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Tinariwen – LIVE Sweden 2012

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Newen Afrobeat feat. Seun Kuti & Cheick Tidiane Seck – Opposite People (Fela Kuti)


After participating in the 2015 Felabration festival, which is held in Lagos, Nigeria, and have shared with the Kuti family, Newen Afrobeat meets Seun in Chile, in February 2016, under the Womad festival.
This session was recorded during those days in La Makinita, playing an energetic version of the song Opposite People, with the collaboration of Cheick Tidiane and some musicians from the legendary Egypt 80 band.

FEATURED GUESTS
Seun Kuti – Lead Vocals
Cheick Tidiane Seck – Keyboards

NEWEN AFROBEAT
Francisca Riquelme – Backing vocals
Francisca Castro – Backing vocals
Macarena Rozic – Backing vocals
Enrique Camhi – Trumpet
Mauricio Sánchez – Trumpet
Klaus Brantmayer – Alto sax
Marcelo Morales – Tenor sax
Cristóbal Dahm – Baritone sax
Martín Concha – Electric guitar
Sebastián Crooker – Electric guitar
Alvaro Quintas – Bass
Tomás Pavez – Percussions
Alejandro ‘El Galita’ Orellana – Congas
Roberto Gevert – Drums
special Feat.
Felipe ‘Mr F’ Echavarría – Keyboards

EGYPT 80 FEAT.
Okon Iyamba – Shekere
Oladimeji Akinyele – Trumpet
Samuel Ojo David – Tenor saxophone
Adebowale Adewunmi – Baritone saxophone

Huun‐Huur‐Tu – Full Performance (Live on KEXP)


Huun-Huur-Tu are a music group from Tuva, a republic of Russia situated on the Mongolia–Russia border.

The most distinctive characteristic of Huun-Huur-Tu’s music is throat singing, in which the singers sing both the note (drone) and the drone’s overtone(s), thus producing two or three notes simultaneously. The overtone may sound like a flute, whistle or bird, but is solely a product of the human voice.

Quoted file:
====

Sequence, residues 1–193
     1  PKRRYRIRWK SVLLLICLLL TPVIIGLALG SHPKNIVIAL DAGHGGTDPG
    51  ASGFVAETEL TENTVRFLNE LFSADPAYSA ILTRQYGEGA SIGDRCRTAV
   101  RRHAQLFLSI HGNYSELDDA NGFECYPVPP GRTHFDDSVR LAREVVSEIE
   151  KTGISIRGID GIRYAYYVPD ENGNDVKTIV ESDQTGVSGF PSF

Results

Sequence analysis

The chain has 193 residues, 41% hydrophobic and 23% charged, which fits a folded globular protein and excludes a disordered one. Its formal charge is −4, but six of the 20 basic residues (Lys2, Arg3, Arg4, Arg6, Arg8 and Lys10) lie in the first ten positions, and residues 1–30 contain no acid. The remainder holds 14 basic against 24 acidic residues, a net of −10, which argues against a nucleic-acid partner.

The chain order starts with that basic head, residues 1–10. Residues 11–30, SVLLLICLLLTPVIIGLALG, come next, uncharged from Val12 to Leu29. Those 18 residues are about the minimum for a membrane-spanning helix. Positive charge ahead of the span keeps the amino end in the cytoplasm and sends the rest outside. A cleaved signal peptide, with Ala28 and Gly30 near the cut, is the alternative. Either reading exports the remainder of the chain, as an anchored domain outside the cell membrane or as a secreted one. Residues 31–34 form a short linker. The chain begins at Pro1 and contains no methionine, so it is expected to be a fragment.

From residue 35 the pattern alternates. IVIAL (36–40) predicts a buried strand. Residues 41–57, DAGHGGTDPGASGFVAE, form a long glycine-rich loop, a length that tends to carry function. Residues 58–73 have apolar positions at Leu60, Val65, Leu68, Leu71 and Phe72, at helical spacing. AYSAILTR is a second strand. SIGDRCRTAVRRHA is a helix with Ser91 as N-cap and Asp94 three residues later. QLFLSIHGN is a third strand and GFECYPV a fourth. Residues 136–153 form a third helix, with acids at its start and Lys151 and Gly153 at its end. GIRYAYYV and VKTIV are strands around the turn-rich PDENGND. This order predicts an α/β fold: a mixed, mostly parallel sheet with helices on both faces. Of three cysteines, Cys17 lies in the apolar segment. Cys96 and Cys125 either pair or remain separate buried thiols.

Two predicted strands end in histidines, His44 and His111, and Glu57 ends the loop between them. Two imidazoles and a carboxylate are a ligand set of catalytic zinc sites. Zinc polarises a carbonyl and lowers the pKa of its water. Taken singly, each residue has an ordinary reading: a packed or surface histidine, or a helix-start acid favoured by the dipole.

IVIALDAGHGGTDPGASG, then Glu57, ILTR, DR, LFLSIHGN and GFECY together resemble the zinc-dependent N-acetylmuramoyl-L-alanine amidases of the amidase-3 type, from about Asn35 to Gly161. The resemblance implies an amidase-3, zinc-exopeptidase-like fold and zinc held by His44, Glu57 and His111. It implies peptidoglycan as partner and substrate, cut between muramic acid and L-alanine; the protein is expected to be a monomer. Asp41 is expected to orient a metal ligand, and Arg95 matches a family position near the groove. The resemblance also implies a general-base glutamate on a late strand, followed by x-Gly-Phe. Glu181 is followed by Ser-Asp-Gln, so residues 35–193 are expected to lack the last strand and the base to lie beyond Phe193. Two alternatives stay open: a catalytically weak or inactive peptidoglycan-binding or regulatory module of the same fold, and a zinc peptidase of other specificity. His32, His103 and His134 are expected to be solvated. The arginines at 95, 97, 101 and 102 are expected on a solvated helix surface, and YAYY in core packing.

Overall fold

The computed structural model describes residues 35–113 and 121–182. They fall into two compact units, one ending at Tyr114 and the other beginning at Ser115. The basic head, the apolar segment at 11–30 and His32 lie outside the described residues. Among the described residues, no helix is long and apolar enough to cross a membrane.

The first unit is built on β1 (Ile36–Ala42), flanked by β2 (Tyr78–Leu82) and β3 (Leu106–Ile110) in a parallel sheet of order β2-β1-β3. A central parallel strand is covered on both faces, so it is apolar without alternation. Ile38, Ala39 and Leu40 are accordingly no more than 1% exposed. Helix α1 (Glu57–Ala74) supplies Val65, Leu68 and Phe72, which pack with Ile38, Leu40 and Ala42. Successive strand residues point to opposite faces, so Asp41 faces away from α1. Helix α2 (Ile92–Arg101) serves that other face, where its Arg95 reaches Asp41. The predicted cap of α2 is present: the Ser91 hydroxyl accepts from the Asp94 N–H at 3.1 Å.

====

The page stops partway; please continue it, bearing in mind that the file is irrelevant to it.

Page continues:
The group primarily use native Tuvan instruments such as the igil, khomus (Tuvan jaw harp), doshpuluur, and dünggür (shaman drum). However, in recent years, the group have begun to selectively incorporate Western instruments, such as the guitar. While the thrust of Huun-Huur-Tu’s music is fundamentally indigenous Tuvan folk music, they also experiment with incorporating not only Western instruments, but electronic music as well.

Songs:
Chyraa-Khoor (Yellow Pacer)
Konguroi (Sixty Horses in My Herd)
Odugen Taiga
Aa-Shuu Dekei-oo

tUne-yArDs – NPR Music Tiny Desk Concert


Tune-Yards (stylized as tUnE-yArDs) is the music project of New England native Merrill Garbus. Garbus’s music draws from an eclectic variety of sources and utilizes elements such as loop pedals, ukulele, vocals, and lo-fi percussion, in addition to electric bass played by Nate Brenner. Tune-Yards’ 2011 album Whokill was ranked the number one album of that year in The Village Voice’s annual Pazz and Jop critic’s poll.

Garbus was born in 1979 and was raised in New York City and in New Canaan, Connecticut. She attended Smith College. She was a puppeteer for the Sandglass Theater in Vermont and lived in Montreal where she played ukulele in the band Sister Suvi with guitarist Patrick Gregoire and drummer Nico Dann. Merrill’s sister Ruth Garbus is also a musician who has played solo and in the band Happy Birthday. After releasing her first Tune-Yards album in 2008, she moved to Oakland, California, where her partner in Tune-Yards, Nate Brenner, also lives.